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Science Essential #2 - Gathering Information

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Science Essential #2 - Gathering Information from elementalscience.comSeveral months ago, I shared with you the three keys for teaching science. I wanted to come back and address each of the essentials in greater detail. For review, here are the three essentials:
  1. Performing Hands-on Scientific Tests
  2. Gathering Information
  3. Keeping a Record

Today, we are going to look closer at Essential #2 – Gathering Information.

The second key to teaching science - gathering information (elementalscience.com)

WHY DO YOU NEED TO GATHER INFORMATION?

Science is more than experiments, there are principles that the students also need to know. At its core, science is a combination of facts and applications.

We need to teach our students the facts that have been proven to be true. We also need to provide them with an awareness of the theories that scientists are still studying.

As we gradually build their knowledge base over time, we provide the students with a knowledge base for further discovery.

So, year by year we want to be feeding our students with age-appropriate facts.

WHAT CAN YOU USE TO GATHER INFORMATION WITH YOUR STUDENTS?

There are lots of resources out there to help you present the facts and theories of science. You can use:

  • Science-focused living books – Here is a list of living books group by age.
  • Age-appropriate encyclopedias – Here is a list of science encyclopedias grouped by subject and age.
  • Standard textbooks – We use publishers like Prentice Hall and Miller & Levine when teaching our high school courses.
  • Current Events Articles – One of my go-to sources for these is Science News for Students .
  • YouTube Videos – You can search for subject specific videos or subscribe to certain channels, like NASA,Ted-Ed, and ACS Reactions , for weekly updates.

I recommend you read to your students or have the students read about science at least twice a week during the school year.

The resources you use will depend on your students’ learning styles and your teaching preferences.

  • Some will prefer to read just the facts – textbooks, articles, and encyclopedias will fit the bill here.
  • Some will prefer a bit of excitement as they learn – living books, current events articles, and videos are a great option for this.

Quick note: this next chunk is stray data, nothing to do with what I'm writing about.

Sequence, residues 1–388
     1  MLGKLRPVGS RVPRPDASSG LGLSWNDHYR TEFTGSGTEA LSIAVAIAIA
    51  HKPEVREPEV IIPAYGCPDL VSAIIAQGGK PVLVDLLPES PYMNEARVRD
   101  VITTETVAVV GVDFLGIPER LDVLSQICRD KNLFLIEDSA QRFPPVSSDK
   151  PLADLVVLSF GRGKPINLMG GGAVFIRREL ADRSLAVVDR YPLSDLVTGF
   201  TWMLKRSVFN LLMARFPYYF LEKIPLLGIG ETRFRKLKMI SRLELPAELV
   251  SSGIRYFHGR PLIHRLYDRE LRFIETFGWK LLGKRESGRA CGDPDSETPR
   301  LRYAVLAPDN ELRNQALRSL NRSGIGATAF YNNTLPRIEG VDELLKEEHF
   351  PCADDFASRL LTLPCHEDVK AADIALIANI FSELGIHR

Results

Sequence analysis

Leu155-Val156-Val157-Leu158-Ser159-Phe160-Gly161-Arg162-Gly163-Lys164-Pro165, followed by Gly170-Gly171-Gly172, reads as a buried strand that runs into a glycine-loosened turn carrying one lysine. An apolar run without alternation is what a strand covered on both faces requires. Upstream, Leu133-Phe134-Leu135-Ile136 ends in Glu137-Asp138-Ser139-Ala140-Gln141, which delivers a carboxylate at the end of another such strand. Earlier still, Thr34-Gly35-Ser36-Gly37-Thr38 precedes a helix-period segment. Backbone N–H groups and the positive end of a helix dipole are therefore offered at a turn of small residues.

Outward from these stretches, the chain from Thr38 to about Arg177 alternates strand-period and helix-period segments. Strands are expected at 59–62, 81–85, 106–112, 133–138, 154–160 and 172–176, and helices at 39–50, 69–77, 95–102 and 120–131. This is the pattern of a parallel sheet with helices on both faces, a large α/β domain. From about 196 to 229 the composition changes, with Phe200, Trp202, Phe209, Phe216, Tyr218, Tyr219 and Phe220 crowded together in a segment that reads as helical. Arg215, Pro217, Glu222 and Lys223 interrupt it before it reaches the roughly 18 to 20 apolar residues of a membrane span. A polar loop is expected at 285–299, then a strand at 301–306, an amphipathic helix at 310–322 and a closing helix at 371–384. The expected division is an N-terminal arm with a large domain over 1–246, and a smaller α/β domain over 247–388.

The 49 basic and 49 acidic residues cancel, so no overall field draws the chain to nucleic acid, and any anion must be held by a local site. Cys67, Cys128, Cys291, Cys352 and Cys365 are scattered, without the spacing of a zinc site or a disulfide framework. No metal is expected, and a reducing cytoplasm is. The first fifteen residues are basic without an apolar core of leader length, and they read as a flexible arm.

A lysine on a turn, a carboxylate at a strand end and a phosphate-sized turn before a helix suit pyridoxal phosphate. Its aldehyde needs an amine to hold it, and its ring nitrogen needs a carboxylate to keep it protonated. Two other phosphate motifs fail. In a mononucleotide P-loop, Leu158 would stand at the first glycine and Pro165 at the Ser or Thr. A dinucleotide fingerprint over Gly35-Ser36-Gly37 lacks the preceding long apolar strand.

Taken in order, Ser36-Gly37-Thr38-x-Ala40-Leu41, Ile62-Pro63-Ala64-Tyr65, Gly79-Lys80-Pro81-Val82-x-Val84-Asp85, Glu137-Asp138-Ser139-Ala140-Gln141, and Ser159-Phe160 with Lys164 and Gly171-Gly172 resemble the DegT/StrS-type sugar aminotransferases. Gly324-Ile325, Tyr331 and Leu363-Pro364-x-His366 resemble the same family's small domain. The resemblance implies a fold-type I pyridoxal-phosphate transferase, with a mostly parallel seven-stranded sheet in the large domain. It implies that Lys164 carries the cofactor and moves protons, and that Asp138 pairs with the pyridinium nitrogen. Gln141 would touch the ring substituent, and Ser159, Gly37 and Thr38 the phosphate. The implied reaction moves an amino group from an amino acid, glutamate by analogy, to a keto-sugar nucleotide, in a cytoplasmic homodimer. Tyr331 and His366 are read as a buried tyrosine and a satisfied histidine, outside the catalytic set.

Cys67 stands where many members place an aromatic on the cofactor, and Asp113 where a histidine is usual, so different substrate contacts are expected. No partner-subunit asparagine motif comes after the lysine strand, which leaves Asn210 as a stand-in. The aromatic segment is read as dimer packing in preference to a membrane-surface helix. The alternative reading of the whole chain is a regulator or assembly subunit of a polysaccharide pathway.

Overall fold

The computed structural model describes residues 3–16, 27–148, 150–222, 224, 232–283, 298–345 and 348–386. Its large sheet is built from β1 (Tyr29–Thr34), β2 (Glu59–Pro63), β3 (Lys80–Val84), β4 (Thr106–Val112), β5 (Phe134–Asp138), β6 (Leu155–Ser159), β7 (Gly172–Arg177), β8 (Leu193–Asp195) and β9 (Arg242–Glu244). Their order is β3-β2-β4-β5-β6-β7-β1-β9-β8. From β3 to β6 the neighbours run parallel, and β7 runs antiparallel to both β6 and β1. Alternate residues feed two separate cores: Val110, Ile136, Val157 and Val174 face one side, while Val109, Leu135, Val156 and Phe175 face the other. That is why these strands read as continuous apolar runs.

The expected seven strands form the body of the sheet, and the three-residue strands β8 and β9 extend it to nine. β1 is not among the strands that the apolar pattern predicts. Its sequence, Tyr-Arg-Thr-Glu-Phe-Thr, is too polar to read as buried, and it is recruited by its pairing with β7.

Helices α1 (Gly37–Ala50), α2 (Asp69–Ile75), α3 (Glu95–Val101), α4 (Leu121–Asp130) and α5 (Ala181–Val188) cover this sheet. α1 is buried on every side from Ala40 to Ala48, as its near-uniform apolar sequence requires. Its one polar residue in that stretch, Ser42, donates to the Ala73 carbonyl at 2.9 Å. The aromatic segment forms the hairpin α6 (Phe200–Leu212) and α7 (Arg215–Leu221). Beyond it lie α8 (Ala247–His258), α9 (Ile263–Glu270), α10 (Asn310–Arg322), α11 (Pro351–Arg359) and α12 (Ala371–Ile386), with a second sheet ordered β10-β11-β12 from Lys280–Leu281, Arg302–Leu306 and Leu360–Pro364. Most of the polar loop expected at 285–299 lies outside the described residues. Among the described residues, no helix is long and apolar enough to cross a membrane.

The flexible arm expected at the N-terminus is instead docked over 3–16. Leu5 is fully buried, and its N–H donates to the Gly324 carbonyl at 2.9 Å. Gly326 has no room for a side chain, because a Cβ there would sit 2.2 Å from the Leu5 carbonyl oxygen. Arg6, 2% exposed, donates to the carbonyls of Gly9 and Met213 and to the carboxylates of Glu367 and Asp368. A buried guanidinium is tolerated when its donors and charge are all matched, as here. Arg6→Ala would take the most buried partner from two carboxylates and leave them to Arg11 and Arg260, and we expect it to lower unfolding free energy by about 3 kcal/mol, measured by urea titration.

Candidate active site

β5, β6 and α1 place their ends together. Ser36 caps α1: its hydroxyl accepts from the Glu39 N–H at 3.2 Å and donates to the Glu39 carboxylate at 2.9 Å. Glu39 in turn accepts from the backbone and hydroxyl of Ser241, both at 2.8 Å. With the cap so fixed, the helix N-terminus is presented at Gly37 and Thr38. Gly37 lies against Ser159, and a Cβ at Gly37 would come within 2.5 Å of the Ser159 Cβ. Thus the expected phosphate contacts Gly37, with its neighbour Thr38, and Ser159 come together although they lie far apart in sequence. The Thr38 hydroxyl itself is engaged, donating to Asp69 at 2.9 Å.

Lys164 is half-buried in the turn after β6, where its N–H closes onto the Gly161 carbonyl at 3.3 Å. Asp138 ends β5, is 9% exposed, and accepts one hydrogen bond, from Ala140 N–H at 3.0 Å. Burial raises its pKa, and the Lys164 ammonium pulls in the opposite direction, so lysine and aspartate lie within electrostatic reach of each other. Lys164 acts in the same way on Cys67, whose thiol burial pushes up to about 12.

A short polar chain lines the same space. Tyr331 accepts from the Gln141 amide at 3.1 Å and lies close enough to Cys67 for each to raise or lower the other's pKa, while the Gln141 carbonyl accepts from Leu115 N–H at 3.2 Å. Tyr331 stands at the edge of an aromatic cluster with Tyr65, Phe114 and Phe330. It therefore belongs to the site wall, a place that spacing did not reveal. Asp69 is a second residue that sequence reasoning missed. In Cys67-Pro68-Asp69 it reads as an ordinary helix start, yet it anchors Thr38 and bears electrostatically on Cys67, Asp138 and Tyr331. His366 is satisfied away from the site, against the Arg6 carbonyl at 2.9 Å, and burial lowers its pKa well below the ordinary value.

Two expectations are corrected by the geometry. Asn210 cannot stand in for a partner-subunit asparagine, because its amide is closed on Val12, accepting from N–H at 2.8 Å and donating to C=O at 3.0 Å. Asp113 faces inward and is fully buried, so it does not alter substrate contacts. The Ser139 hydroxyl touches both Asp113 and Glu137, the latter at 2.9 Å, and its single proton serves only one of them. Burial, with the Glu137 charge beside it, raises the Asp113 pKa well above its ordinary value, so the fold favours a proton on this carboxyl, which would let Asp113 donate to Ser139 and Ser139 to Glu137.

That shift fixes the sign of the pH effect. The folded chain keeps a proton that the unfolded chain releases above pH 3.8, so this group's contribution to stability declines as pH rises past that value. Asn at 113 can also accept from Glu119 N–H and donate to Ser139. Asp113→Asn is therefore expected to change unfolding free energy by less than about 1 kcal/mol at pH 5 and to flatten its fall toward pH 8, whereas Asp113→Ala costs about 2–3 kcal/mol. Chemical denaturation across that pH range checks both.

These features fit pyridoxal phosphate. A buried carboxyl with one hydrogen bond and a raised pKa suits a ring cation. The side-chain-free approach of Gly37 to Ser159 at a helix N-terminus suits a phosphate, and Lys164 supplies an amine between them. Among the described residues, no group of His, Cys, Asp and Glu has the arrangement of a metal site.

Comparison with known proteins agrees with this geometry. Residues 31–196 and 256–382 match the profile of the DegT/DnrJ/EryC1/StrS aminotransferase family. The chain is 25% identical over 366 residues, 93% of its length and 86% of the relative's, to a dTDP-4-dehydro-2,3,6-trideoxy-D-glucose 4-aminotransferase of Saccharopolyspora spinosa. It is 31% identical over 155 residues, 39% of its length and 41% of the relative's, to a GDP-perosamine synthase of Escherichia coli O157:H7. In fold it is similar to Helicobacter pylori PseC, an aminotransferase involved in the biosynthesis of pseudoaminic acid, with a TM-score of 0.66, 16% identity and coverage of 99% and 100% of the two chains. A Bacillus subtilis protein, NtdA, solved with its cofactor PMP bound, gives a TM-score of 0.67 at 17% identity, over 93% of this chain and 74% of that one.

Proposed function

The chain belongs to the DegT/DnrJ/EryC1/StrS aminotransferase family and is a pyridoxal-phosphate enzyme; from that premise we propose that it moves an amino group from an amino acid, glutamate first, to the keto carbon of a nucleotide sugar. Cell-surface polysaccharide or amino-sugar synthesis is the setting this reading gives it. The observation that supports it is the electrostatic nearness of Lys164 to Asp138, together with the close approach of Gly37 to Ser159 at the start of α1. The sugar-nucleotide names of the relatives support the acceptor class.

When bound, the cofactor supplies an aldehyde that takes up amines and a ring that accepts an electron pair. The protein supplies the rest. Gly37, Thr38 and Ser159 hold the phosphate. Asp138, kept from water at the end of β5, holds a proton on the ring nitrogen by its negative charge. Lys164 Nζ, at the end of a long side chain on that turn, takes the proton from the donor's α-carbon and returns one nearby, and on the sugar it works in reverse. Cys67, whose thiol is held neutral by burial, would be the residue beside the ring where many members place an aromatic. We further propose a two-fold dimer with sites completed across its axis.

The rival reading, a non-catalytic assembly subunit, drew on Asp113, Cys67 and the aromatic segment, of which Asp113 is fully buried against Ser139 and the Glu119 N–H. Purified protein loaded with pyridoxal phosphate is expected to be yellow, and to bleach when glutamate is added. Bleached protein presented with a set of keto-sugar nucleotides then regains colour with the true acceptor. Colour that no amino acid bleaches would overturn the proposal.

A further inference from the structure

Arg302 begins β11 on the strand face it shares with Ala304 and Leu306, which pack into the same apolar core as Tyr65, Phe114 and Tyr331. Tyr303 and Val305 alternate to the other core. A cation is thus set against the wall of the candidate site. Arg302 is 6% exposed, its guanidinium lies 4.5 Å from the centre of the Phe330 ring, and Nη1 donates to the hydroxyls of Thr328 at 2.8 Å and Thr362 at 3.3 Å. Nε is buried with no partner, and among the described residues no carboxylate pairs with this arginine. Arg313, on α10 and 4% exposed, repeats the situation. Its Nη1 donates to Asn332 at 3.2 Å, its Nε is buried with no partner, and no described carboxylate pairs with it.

• Some will prefer a more visual presentation – encyclopedias, videos, and library books will all work in this case.

In the early years, you will read to your children. As their reading skills increase, have your students read more and more one their own. (Note—It is completely acceptable to keep the resources you use just below their reading level so that they can focus on the facts they are learning rather than the task of reading.)

HOW TO SUCCEED WITH GATHERING INFORMATION

Tip # 1 – Choose the resources that interest your children. Textbooks may make some groan but know of a student who slept with her textbook under her pillow at night. Be sure to select resources that will hold the interest of your students.

Tip # 2 – Always orally discuss what the students have read. Discussing the material will help the students to assimilate the facts into their memory banks. It will also help to clear up any confusion they may have about the subject.

I trust that you now have a better picture of what the second key to your science plan is and how you can use this key with your students.

If you have any questions, head on over to Facebook or Google+and join the conversation.

This article was written by our author, Paige Hudson. You can also find her mixing up solutions for homeschool science at Elemental Blogging . If you want to receive more articles just like this, plus our monthly discounts, sign up for our newsletter in the box below or click here.

Need help with planning the informational aspect of homeschool science? Come see how we can help!

Easy-to-use science plans from Elemental Science

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  • Paige Hudson
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